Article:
Tue 30 Jan 2007
Filed under: News,On The Border
Faction goes to peace talks with Burma, the Bangkok Post reports. Rifts have emerged within the Karen National Union (KNU) which could affect border security. The conflicts have surfaced a little more than a month after the death of its former leader Bo Mya on Dec 24, said a KNU officer. If the friction within the KNU continues to widen, it could stall the ongoing peace process between the KNU and the State Peace and Development Council (SPDC), Burma’s military junta, the officer said, adding that fresh armed clashes were likely between the two sides along the Thai-Burmese border.
Border trade would suffer as a result. The value of cross-border trade at Tak’s Mae Sot district has peaked to 12 billion baht during the past two years.
Gen Bo Mya was a skilled negotiator who had initiated truce talks with former Burmese prime minister Gen Khin Nyunt, now serving a jail sentence for corruption, in late 2004 in Rangoon. Gen Bo Mya died at the age of 79 at a private hospital in Mae Sot district from natural causes.
Signs of a split in the KNU ranks first appeared when the commander of KNU’s 7th Brigade Maj-Gen Htay Maung led a delegation to undertake a peace dialogue with Burma’s military government on Jan 3, the KNU officer said.
According to an officer of the 7th Brigade, the Burmese military government has agreed to withdraw its troops from non-strategic areas in Karen state, but will keep troops in other key locations. ”However, the 7th Brigade delegation acted purely on its own accord and did not represent the KNU’s Central Committee. It seems that the Burmese are plotting to divide and rule us. I don’t believe they would really pull out,” the KNU officer said.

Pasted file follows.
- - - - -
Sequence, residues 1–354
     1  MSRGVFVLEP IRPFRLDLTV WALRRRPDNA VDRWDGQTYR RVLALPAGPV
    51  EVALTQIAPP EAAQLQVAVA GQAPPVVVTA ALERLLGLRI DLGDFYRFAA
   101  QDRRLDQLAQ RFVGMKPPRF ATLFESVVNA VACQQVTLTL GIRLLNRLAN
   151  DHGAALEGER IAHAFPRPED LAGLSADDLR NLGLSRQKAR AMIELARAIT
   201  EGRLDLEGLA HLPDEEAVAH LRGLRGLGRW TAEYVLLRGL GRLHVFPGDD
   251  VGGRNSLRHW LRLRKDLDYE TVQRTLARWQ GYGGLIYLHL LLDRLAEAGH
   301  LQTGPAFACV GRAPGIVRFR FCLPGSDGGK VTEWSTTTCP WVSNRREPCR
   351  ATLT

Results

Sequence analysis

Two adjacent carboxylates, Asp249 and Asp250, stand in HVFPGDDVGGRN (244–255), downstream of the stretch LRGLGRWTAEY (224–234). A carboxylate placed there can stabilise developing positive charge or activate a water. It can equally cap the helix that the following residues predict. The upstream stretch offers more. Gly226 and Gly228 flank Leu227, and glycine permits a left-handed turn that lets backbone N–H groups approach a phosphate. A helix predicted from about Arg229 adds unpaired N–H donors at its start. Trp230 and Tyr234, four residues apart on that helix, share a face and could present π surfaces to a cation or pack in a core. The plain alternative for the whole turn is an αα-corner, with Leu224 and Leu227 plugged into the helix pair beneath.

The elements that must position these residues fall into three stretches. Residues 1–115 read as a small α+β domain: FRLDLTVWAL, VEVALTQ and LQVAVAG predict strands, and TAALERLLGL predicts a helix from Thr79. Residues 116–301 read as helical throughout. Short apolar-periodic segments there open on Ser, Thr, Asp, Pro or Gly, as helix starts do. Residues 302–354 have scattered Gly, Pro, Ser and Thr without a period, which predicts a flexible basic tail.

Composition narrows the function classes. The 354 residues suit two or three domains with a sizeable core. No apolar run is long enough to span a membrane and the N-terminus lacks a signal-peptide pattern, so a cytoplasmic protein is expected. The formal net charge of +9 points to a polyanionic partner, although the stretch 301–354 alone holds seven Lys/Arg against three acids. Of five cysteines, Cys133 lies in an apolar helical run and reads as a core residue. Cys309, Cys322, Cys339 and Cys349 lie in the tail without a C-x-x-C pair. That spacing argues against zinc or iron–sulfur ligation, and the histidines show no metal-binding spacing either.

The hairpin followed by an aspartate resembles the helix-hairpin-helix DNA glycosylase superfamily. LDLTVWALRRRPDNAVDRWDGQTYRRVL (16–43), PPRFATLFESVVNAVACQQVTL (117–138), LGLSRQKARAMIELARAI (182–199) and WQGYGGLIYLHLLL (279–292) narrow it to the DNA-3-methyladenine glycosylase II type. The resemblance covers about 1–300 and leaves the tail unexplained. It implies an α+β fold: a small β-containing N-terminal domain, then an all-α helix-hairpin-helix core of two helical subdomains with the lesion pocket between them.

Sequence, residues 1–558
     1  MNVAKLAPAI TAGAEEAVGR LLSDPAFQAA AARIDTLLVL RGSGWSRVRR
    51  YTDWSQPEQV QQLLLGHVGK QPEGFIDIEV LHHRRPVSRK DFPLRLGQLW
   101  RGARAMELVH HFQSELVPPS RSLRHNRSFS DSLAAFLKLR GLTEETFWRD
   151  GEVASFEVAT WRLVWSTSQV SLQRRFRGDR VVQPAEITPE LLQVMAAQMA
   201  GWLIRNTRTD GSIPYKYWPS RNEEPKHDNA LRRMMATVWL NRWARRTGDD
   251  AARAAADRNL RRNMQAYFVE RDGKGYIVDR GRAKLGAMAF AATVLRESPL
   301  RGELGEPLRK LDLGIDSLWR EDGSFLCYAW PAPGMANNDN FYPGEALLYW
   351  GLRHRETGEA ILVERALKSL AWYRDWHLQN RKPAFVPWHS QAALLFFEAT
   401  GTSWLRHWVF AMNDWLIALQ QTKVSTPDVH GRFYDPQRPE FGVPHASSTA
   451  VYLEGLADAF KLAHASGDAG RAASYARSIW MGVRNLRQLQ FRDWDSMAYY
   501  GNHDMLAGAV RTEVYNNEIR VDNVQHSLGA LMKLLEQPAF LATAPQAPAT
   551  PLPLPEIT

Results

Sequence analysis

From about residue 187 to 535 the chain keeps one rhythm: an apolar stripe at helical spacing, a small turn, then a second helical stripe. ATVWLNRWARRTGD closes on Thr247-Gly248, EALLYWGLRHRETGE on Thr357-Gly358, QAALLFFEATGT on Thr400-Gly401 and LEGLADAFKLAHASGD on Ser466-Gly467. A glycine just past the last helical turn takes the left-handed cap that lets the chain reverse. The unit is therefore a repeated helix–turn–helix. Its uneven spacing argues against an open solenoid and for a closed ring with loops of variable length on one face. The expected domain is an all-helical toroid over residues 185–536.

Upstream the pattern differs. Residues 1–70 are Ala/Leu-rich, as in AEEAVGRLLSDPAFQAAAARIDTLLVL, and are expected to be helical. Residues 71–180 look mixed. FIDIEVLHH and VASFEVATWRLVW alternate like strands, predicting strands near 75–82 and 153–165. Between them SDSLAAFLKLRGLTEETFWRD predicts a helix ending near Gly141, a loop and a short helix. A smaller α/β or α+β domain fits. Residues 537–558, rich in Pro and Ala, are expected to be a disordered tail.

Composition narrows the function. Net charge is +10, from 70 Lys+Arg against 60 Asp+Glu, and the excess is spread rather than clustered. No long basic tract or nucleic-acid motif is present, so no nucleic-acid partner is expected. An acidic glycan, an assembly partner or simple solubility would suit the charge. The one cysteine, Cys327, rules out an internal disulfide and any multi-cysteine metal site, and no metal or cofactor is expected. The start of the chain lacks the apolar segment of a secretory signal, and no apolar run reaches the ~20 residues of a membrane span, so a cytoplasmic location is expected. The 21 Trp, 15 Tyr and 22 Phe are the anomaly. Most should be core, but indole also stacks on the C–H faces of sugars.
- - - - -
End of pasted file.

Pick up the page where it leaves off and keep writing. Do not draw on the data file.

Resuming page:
The KNU’s central committee made it clear at a meeting on Thursday that they had not endorsed the dialogue and also condemned it as going against the KNU’s interests.
KNU secretary-general Mahn Sha said the latest negotiations were initiated by Maj-Gen Htay Maung and the delegation was not appointed by the committee. ”They (the delegates) are willing to go along with the SPDC so that they could get an opportunity to expand their businesses in Burma.
”This would not be in the best interests of the KNU,” said Mahn Sha, though he insisted the KNU has not abandoned peace talks with Rangoon. The talks, however, must be pursued on an equal footing, he said.
The KNU was the first among Burma’s nationalities to rebel against the central government following the country’s independence in 1948 from Britain. It is one of the last armed groups that continues to actively oppose the military junta, prompting annual offensives in Karen state that have driven an estimated 140,000 civilian refugees to border camps.